There might be few similarities among American supporters of the Islamic State but it is clear that the number of women drawn to ISIS ideology is growing, according to a new study released Tuesday. The George Washington University Program on Extremism conducted an exhaustive review of social media accounts and legal documents for its new report, ISIS In America: From Retweets To Raqqa, and found that number of U.S. supporters of the terror group has reached its highest point since 9/11. And, perhaps most surprisingly, of the nearly five dozen people arrested by American authorities last year for supporting or plotting with ISIS, women made up a striking 14 percent.
According to the report, GW researchers culled more than 300 active Twitter accounts run by American supporters of the Islamic state, as well as FBI documents from 900 investigations in all 50 states. Out of that comprehensive review, a few demographic facts emerged: the average age for an American ISIS sympathizer is 26, and most (86 percent) are male; more than half traveled abroad, or attempted to as part of their role in the terror group; and finally, social media plays a critical role in helping to recruit American sympathizers and promote them toward “actual militancy.”
Terrorism experts have long understood the central role that social media plays in recruiting and radicalizing new supporters into the ISIS ideology. But, the study actually identified a variety of potential strategies used by ISIS recruiters, from simply broadcasting propaganda and amplifying content, to introducing new followers and organizing like-minded people into groups.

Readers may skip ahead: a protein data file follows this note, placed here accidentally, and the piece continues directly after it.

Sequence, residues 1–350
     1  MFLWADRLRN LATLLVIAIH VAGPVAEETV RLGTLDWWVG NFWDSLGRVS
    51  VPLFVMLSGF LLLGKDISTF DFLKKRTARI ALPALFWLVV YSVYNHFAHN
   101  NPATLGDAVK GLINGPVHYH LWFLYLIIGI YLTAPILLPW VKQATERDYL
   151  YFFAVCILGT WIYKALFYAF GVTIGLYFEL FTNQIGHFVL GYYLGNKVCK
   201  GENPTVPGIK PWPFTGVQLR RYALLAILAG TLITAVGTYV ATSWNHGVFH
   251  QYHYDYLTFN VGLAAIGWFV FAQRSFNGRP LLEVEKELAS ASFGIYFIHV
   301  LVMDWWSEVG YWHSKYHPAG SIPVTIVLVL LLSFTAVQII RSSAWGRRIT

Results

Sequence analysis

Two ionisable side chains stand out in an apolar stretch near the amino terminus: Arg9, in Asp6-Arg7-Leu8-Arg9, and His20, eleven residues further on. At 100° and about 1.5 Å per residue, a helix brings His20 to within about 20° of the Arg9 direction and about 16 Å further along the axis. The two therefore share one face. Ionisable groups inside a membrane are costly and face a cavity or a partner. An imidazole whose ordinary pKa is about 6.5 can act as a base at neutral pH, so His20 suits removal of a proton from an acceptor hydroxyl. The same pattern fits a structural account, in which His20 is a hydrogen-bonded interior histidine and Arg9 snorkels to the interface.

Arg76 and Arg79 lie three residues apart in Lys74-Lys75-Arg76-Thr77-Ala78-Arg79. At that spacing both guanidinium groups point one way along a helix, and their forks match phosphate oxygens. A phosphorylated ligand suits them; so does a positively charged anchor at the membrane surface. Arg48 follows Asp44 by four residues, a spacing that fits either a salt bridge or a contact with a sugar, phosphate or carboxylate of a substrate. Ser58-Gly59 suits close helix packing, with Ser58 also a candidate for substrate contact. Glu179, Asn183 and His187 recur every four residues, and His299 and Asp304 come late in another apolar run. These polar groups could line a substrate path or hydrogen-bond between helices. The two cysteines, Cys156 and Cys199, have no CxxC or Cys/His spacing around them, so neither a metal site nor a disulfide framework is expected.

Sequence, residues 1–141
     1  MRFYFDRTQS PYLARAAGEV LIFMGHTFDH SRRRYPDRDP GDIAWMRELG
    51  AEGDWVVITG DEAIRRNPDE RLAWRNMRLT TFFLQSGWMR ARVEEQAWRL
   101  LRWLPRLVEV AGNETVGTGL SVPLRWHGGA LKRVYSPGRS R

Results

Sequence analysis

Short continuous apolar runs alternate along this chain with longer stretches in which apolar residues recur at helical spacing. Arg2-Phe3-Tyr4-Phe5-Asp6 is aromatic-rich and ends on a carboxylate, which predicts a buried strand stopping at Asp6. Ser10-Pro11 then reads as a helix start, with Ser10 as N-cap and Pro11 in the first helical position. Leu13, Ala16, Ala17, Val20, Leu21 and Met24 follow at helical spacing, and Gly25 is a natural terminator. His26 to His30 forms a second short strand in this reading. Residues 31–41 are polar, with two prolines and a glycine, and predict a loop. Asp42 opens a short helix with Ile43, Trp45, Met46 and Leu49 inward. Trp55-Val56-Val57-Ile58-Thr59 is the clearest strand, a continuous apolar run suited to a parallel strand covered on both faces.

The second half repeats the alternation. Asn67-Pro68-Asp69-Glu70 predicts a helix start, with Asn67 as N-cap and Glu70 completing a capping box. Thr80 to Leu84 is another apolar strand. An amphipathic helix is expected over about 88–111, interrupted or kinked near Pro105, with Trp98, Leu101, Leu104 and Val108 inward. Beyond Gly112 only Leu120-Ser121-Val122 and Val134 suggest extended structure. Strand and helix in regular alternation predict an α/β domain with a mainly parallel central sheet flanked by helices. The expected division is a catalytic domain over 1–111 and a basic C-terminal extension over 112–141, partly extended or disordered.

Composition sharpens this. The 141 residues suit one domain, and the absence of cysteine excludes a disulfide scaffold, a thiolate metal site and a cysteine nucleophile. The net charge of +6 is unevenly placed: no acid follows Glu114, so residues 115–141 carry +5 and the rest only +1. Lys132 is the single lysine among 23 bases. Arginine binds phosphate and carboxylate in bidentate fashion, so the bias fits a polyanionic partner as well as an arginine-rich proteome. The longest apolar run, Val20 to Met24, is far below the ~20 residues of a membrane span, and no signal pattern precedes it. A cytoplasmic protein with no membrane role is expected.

The report found that women are taking on a larger role in the jihadist movement, both as recruiters and as “wives” and “mothers” helping to grow the movement. Further, managing the constantly shifting world of social media mobilization seems to be a place where female leadership is emerging. Nearly one in three of the Twitter accounts studied were purportedly operated by women, the Times reported.
Still, those arrested shared few demographic traits, a fact that study authors found disconcerting. Lorenzo Vindino, director of the university’s Program on Extremism, told the New York Times that the diversity within the pool of US supporters could complicate an already major problem for counter-terrorism investigators.
For law enforcement, it’s extremely difficult to determine who makes a leap from keyboard jihadist to actually doing something. The individuals range from hardened teenagers to teenage girls, petty criminals and college students. The diversity is staggering.
The entire report on American ISIS supporters can be found online at the George Washington University Program of Extremism website.
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